The remainder of the page uses an Eisner device sometimes called a metapanel, in which several images are contained within a larger image as a framing device (Eisner). Frequently used by Eisner, this device serves to unify separate moments within a larger continuity. The five irregular panels within the framing device of the file folder (a recurring visual motif, another device of Eisner's, though hardly one to which he has sole claim) tell the back-story within the back-story, a device used by Eisner in numerous Spirit stories, including Lorelei Rox, September 19, 1948 (Eisner 2).

Page three continues the visual device of the file folder, leading out of the flashback and returning to Dr. Drew's narrative. The remainder of this page is comparatively straightforward, using conventions such as stark lighting and the canted angle of the newspaper article to lead the viewer through the page. The most dramatic visual element is the high shot of the elevator shaft, an extension of the angle in the preceding panel. However, a typographic device typical of Eisner appears in panels five and six. The use of typed text for caption narration once again reinforces the notion of the story coming from an actual case file.

DG 03.png

The next remarkable layout device appears on page 7 of the story. A different visual device slows the pacing, the slice panels at the top of the page. This is followed by a deceptively simple two shot, offset by a canted shadow framing both the elevator door and the characters. This disorienting canted shadow theme recurs throughout the rest of the page and is offset by an inversion, with a canted area of white in the bottom left panel.

DG 04.png

More significantly, the trio of panels in the center tier shifts the reader's focus to the supporting character by using the inset of the middle panel as a transitional device.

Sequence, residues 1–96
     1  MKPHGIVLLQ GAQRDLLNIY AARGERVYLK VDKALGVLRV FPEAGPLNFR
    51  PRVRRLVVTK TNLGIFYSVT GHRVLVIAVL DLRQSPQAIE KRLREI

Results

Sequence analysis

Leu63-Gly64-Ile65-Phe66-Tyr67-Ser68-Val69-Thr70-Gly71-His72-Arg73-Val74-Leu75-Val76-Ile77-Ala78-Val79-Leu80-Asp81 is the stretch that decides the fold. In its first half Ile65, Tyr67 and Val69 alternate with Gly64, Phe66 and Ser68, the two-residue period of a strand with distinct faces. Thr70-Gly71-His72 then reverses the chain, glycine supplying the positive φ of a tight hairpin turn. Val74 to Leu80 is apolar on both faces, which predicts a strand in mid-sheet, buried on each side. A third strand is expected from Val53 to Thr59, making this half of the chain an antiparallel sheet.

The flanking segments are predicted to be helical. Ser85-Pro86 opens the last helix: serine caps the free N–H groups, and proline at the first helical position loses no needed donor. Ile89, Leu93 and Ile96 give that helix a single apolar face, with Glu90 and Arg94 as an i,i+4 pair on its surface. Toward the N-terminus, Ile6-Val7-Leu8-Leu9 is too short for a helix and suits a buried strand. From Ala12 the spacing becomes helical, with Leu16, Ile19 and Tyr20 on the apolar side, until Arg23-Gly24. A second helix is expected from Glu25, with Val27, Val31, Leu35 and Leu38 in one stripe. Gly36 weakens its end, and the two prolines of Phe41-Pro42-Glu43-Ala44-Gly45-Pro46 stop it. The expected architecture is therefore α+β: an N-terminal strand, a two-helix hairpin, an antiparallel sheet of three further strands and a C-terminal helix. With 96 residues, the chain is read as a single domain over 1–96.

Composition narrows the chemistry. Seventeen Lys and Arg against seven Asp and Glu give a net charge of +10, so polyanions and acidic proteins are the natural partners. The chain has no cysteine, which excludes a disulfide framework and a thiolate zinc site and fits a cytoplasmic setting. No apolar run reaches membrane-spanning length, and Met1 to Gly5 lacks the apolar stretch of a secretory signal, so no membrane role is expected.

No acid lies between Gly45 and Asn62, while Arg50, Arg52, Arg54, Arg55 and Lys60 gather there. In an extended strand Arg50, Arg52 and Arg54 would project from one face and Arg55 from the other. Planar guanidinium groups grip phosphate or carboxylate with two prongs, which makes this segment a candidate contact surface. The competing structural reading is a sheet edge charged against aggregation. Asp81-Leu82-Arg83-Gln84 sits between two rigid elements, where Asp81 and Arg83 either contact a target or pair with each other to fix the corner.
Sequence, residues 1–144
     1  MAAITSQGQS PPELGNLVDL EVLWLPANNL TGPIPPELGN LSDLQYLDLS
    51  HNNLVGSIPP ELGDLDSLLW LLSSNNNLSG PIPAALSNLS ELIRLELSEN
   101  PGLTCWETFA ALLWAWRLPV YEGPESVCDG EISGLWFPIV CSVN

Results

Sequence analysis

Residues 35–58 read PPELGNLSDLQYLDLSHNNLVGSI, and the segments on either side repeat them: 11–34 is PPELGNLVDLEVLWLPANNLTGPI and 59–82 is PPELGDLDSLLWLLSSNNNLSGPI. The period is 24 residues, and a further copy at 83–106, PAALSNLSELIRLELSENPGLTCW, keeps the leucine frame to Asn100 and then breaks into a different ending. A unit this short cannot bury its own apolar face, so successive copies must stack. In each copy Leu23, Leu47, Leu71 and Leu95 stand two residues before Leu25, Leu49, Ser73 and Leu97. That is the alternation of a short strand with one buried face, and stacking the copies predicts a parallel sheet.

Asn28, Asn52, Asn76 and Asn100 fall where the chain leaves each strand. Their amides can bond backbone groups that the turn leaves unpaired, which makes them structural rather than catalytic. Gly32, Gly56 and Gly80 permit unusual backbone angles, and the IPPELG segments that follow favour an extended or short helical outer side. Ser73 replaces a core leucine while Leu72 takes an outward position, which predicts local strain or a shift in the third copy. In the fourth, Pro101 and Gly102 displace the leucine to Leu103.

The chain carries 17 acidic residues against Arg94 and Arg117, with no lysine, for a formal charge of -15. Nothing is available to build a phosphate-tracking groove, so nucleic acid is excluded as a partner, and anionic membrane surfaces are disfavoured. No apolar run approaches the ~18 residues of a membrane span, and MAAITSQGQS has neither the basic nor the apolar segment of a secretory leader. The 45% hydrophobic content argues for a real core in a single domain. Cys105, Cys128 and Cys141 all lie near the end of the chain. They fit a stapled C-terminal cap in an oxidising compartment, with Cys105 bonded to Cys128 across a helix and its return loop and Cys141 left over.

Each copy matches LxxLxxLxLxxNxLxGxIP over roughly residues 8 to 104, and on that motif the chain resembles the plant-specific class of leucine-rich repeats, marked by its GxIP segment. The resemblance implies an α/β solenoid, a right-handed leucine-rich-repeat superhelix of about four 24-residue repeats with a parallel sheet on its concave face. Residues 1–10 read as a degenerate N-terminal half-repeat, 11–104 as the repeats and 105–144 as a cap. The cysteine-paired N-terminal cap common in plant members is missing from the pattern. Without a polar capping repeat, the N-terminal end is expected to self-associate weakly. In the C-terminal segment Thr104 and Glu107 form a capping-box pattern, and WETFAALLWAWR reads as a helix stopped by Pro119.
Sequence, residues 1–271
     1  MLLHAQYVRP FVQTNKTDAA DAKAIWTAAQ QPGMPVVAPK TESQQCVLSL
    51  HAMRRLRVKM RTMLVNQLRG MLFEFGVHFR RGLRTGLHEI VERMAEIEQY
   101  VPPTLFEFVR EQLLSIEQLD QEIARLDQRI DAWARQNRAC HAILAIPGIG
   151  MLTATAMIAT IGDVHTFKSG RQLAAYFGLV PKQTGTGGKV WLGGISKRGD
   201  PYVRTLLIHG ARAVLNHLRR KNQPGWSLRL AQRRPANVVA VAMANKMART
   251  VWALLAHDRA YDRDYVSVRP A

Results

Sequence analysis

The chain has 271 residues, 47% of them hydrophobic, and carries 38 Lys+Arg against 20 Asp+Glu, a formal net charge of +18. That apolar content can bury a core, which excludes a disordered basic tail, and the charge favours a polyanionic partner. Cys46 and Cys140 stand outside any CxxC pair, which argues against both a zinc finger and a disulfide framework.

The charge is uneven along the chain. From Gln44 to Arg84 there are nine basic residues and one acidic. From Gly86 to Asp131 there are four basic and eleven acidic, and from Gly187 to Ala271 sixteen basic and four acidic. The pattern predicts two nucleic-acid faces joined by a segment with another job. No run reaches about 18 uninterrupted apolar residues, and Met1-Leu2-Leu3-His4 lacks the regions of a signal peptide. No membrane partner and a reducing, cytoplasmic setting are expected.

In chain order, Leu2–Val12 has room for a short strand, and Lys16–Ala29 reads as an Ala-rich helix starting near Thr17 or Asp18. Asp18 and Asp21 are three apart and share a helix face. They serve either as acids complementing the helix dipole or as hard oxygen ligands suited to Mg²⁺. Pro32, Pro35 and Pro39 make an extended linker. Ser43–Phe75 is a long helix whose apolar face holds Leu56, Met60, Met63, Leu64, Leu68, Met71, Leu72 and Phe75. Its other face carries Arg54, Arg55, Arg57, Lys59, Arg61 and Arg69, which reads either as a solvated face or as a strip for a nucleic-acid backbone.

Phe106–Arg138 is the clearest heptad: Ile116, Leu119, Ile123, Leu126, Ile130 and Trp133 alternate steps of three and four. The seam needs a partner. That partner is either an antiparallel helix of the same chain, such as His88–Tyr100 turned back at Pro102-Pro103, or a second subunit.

The final page of the story uses the slice panels overlaid on the full-page shot of the building collapsing to reinforce the story's primary theme, the haunted building. This page is also noteworthy for the lack of visual sound effects in relation to the building's explosion. Dave Gibbons used this device in Alan Moore's Watchmen (Moore, Gibbons), with remarkable effect.

DG 05.png

This story holds remarkable stylistic parallel to an Eisner Spirit story. While Grandenetti was an assistant to Eisner early in his career and revered his mentor (Normanton), Grandenetti was trying to expand the visual vocabulary he learned from Eisner and make it his own. During a phone interview on January 17, 2009, Grandenetti stated that his goal was to advance his own storytelling capabilities, rather than to replicate those of Eisner (Grandenetti). He succeeded in this goal, and continued his comic career into the early 1970s, working primarily for DC, Tower and Warren (Fears).

In the late 1970s, Mike Frederich of Star Reach approached Michael T. Gilbert about contributing to the fledgling funny animal anthology Quack! Following on the heels of Marvel's success with 1976's Howard the Duck (Fox) and predating Reed Waller's Omaha by two years (http://www.omahathecatdancer.com), Quack! was an attempt to stretch the boundaries of the funny animal genre. Fascinated by The Spirit, Gilbert seized on the idea of a funny animal version of the character, known only as The Wraith. Utilizing visual devices and a witty tone that echoed Eisner, Gilbert created a total of seven Wraith stories. Six ran in Quack! The seventh appeared in an anthology of Gilbert's work titled Strange Brew, published in 1983 by Aardvark-Vanaheim (Wildwood Cemetery: The Spirit Database).


The Wraith differs from Dr. Drew in several ways. First, there is a more deliberate attempt to use Eisner's visual devices as homage. This is not to say that Gilbert did not innovate. His splash page for the first Wraith story used the Eisner trope of the series name/character's name as visual device.